Is Your Pet Obese? Here’s How to Tell

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Americans have gotten fatter, and now we're making our pets fat too. A recent survey found that some pet owners can't even tell whether Fido is overweight, which is hurting pets – and their owners' wallets.

I recently learned that there’s an Obesity Society – and has been since 1982.

I had to pause to process the fact that Americans have gotten fat enough for researchers to justify the creation of a national organization devoted to studying the topic. But we’re not alone: There’s apparently an Association for Pet Obesity Prevention too – and has been since 2005.

And according to their latest survey, more than half of adult dogs and cats are overweight or obese. Take a look…

The survey also found that some pet owners can’t even tell when their best friend is overweight, which is making fat pets the new norm. Says APOP founder and veterinarian Ernie Ward…

“The most distressing finding in this year’s study was the fact that more pet owners are unaware their pet is overweight – 22 percent of dog owners and 15 percent of cat owners characterized their pet as normal weight when it was actually overweight or obese. This is what I refer to as the ‘fat pet gap’ or the normalization of obesity by pet parents. In simplest terms, we’ve made fat pets the new normal.”

What’s so wrong with a fat cat?

We tend to find chubby animals a lot cuter than chubby people – even APOP’s round-cat logo is adorable – but Fido’s not the only one who will pay for his weight problem. According to APOP, those extra pounds can lead to osteoarthritis, Type 2 diabetes, high blood pressure, breathing problems, and kidney disease – all of which can lead to higher vet bills.

The same is true of humans, but excess pounds are magnified on pets because they’re smaller than we are.

Think about it this way: According to APOP, a Pomeranian that is 1 pound overweight is equivalent to a 5-foot-4 female who is 21 pounds overweight, or a 5-foot-9 male who’s 24 to 25 pounds overweight. Even with a larger breed, like a female Labrador, being 1 pound overweight is equivalent to us being 4 to 5 pounds overweight.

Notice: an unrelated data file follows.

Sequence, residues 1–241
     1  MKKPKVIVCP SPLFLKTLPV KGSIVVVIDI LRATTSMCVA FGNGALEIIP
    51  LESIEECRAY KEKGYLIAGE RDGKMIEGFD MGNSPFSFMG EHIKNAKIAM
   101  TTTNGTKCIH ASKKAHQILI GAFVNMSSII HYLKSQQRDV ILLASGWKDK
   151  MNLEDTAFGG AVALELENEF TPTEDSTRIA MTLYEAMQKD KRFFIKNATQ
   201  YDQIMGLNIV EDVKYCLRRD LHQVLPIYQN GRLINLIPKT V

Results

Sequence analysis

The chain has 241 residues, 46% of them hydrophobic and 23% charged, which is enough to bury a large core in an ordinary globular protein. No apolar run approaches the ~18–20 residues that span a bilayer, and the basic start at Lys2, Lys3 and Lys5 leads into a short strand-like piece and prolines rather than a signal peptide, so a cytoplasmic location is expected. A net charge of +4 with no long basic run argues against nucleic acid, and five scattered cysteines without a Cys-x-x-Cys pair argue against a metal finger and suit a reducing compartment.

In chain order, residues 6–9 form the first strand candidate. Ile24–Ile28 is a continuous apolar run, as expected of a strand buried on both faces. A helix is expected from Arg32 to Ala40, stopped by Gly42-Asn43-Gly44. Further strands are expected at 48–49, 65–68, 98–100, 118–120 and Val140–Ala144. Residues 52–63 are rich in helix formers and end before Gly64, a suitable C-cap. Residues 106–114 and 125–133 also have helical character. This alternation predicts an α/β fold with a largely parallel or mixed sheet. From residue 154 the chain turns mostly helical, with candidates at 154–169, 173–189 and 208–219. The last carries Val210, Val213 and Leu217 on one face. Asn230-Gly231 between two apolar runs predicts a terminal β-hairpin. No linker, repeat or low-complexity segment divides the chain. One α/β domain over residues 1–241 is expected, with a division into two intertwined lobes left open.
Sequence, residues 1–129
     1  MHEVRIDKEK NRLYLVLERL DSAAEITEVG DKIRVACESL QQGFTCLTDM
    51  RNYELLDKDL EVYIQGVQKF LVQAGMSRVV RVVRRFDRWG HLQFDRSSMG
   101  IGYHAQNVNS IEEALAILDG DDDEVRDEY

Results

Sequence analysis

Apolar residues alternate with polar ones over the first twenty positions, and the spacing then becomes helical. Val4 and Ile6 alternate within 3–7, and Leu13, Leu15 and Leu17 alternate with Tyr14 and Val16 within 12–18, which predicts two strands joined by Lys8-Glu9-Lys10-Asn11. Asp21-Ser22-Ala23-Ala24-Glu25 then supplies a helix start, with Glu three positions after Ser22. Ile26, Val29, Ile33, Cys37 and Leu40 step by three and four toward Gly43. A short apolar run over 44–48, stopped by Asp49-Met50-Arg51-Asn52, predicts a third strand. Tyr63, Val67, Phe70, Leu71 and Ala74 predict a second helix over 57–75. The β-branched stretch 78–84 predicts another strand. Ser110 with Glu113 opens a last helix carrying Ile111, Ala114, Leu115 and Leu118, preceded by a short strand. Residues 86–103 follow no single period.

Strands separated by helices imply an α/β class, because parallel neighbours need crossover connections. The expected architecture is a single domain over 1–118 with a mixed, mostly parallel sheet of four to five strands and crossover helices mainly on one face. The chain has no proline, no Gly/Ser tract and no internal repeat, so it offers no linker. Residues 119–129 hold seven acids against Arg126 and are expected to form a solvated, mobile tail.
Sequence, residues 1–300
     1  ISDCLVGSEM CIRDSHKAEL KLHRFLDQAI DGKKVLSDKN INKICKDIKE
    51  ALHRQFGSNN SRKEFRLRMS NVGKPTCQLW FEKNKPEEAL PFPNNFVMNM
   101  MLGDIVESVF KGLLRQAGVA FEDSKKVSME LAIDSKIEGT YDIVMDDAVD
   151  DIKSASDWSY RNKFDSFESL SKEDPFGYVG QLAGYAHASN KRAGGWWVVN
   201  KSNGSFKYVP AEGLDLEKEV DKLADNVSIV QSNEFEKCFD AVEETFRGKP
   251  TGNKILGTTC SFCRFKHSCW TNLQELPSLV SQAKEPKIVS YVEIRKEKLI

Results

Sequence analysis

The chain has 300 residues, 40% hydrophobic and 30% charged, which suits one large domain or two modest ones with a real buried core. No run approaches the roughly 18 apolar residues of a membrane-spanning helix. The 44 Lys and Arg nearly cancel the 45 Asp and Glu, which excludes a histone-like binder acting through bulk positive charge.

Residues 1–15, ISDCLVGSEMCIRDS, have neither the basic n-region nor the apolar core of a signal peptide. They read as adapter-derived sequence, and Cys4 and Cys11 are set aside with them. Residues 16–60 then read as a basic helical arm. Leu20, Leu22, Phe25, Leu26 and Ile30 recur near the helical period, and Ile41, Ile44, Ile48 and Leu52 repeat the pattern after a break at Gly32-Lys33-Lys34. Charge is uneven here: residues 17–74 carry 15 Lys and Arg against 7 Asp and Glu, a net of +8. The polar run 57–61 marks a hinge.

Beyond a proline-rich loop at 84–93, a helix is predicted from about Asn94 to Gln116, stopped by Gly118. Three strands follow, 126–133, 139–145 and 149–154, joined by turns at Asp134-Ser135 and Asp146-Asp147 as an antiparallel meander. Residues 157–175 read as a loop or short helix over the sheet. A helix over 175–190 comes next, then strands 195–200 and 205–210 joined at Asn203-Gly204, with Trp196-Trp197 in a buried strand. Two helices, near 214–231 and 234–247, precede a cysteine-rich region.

Is your best friend overweight?

There’s no substitute for talking to your vet, but these tools can help you analyze your pet’s waistline…

By weight: The Association of Pet Obesity Prevention’s website offers a free fancy pet weight translator and weight charts to give you an idea of whether Fido’s weight falls into the normal, overweight, or obese categories. (An easy way to weigh your pet at home is to get on the scale while holding them and then subtract your weight.)

By body condition score: This scale ranges from 1 (emaciated) to 5 (obese). APOP provides descriptions of each score, and the College of Veterinary Medicine at Ohio State University provides illustrations of each score.

By observation: With dogs, you should be able to feel the backbone and ribs, says the ASPCA. (“If you cannot feel your pet’s ribs without pressing, there is too much fat.”) You should also be able to see a “waist” between the back of the rib cage and the hips when looking down at Fido from above, and a “tuck” in the tummy, with the abdomen going up from the bottom of the ribcage to inside the thighs, when looking from the side. (“Dogs who fail these simple tests may be overweight.”)

Now what?

“The single most valuable tool a pet owner has in the fight against obesity is a measuring cup,” says APOP’s founder. “Most pet owners don’t measure how much they’re feeding, and even fewer know how much they should be feeding.”

If Fido’s fat, you’re the solution. It’s actually pretty simple…

  1. Schedule a vet visit specifically to discuss your pet’s weight and diet. Find out what you should be feeding them, how much of it you should be feeding them, and how often you should be feeding them.
  2. Stick to it.

That vet visit will end up paying for itself many times over, your pet will get to spend more quality years with you, and you’ll end up back at the vet less often.

This is exactly what I do with my three rabbits. When the oldest rabbit died last year, she was 12 years old. The average life expectancy for a rabbit is 7 to 10 years.

Stacy Johnson

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